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Testbed Configuration

For our today’s SSD test session we put together a system on an Intel H67 based mainboard. This chipset provides support for two SATA 6 Gbit/s ports, which we use to connect the tested SSDs.

We are going to compare SanDisk Extreme SSD 240 GB against the typical representatives with similar storage capacity from all four SandForce-based series. They are the unique Intel SSD 520 with its exclusive firmware; Corsair Force Series GT with synchronous ONFI memory; Corsair Force Series 3 with asynchronous memory and Mushkin Chronos deluxe with previous generation 32 nm Toggle Mode NAND. Besides we also included into the diagrams the results of a few popular SSDs based on other controllers: Crucial m4 and Plextor M3 on Marvell 88SS9174, Samsung SSD 830 using Samsung’s own controller and flash-memory, and OCZ Vertex 4 on Indilinx Everest 2.

Overall our testbed was configured as follows:

  • Intel Core i5-2400 (Sandy Bridge, 4 cores, 3.1 GHz, EIST and Turbo Boost turned off);
  • Foxconn H67S mainboard (BIOS A41F1P03);
  • 2 x 2 GB DDR3-1333 SDRAM DIMM 9-9-9-24-1T;
  • Crucial m4 256 GB system disk (CT256M4SSD2);
  • Tested SSDs:
    • Corsair Force 3 Series 240 GB (CSSD-F240GB3-BK, firmware version 5.02);
    • Corsair Force GT Series 240 GB (CSSD-F240GBGT-BK, firmware version 5.02);
    • Crucial m4 256 GB (CT256M4SSD2, firmware version 000F);
    • Intel SSD 520 240 GB (SSDSC2CW240A3K5, firmware version 400i);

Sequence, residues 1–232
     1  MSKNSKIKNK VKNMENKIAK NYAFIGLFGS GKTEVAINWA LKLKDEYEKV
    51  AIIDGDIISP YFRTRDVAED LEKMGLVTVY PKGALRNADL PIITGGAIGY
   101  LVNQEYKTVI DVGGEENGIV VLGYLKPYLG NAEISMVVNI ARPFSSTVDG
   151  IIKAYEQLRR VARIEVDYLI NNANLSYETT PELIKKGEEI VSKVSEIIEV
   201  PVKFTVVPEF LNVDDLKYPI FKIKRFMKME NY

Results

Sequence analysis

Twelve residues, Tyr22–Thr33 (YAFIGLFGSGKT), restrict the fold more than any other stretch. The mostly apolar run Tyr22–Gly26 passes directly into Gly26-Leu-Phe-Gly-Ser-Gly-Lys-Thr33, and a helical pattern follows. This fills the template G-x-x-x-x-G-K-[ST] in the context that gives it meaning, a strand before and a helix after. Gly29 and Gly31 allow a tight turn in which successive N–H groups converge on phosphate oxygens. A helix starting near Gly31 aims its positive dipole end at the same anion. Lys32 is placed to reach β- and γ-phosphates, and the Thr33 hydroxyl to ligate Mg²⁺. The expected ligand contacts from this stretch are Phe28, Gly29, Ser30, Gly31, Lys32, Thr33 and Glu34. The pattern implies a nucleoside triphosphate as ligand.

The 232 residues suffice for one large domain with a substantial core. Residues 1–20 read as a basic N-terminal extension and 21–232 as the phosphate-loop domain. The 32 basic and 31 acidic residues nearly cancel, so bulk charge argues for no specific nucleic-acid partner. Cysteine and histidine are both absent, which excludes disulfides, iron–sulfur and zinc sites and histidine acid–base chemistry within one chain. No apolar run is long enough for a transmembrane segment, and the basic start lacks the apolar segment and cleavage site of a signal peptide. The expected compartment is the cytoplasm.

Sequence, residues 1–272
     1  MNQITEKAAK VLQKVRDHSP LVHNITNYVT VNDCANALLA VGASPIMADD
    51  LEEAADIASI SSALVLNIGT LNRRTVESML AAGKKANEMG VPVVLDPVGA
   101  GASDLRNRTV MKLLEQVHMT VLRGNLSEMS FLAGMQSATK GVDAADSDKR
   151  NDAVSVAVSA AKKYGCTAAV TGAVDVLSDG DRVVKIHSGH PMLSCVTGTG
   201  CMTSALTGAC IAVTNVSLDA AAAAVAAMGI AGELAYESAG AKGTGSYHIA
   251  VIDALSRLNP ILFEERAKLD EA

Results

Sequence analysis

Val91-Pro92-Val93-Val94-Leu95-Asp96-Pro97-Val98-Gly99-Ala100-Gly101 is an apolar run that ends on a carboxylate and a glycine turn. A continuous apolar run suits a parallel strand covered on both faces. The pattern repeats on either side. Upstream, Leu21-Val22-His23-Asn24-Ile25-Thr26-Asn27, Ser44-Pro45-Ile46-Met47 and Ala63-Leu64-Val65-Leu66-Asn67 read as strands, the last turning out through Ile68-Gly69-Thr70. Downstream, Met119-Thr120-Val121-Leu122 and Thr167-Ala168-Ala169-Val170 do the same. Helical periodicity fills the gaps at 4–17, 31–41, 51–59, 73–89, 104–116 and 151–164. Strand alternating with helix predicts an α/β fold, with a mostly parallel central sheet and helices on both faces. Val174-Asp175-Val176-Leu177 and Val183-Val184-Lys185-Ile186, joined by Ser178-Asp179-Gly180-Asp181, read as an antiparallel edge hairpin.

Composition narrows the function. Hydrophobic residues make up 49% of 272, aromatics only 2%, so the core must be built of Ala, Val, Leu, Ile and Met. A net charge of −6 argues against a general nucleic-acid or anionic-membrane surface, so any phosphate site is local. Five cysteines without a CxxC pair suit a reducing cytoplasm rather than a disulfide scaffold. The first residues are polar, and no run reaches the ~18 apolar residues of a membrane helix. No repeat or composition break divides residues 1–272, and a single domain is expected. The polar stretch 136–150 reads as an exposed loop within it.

• Mushkin Chronos deluxe 240 GB (MKNSSDCR240GB-DX, firmware version 5.0.2);
    • OCZ Vertex 4 256 GB (VTX4-25SAT3-256G, firmware version 1.5);
    • Plextor M3 256 GB (PX-256M3, firmware version 1.05);
    • Samsung SSD 830 256 GB (MZ-7PC256D, firmware version CXM03B1Q);
    • SanDisk Extreme SSD 240 GB (SDSSDX-240G, firmware version R201).
  • Microsoft Windows 7 SP1 Ultimate x64
  • Drivers:
    • Intel Chipset Driver;
    • Intel Graphics Media Accelerator Driver;
    • Intel Rapid Storage Technology


Random and Sequential Read/Write

We use CrystalDiskMark 3.0.1 benchmark to test the random- and sequential read and write speed. This benchmark is convenient to work with as it can measure the speed of an SSD with both incompressible random and fully compressible recurring data. This feature is important for testing SSDs based on SF-2281/2282 controller, which tries to compress the data before writing it into memory. So, there are two numbers in the diagrams below that reflect the maximum and minimum SSD speed. The real-life performance of an SSD is going to be in-between those two numbers depending on how effective the controller data compression is.

Note that the performance tests in this section refer to SSDs in their “Fresh Out-of-Box” state (FOB). No degradation could have taken place yet.

Although a new and nonstandard implementation of the SandForce platform, the SanDisk behaves in a predictable manner. It is similar to other SSDs with the SF-2281 controller. Particularly, it accelerates when processing compressible data. Well, that’s the controller’s behavior actually and the use of new flesh memory chips can hardly affect it.

Overall, the SanDisk Extreme is close to the Mushkin Chronos Deluxe across different loads. Both use Toggle Mode NAND flash, but the Mushkin has the older 32nm version of that memory. They are not identical, though. The SanDisk can deliver higher performance with random reads at a short request queue. When the queue is long, the Mushkin Chronos Deluxe goes ahead while the SanDisk slows down to the level of SandForce-based SSDs with ordinary synchronous flash.

Thus, our synthetic benchmarks suggest that the SanDisk Extreme with 24nm Toggle Mode NAND memory is somewhere in between the older SandForce-based SSDs with Toggle Mode flash and the numerous products with synchronous flash manufactured by IMFT.

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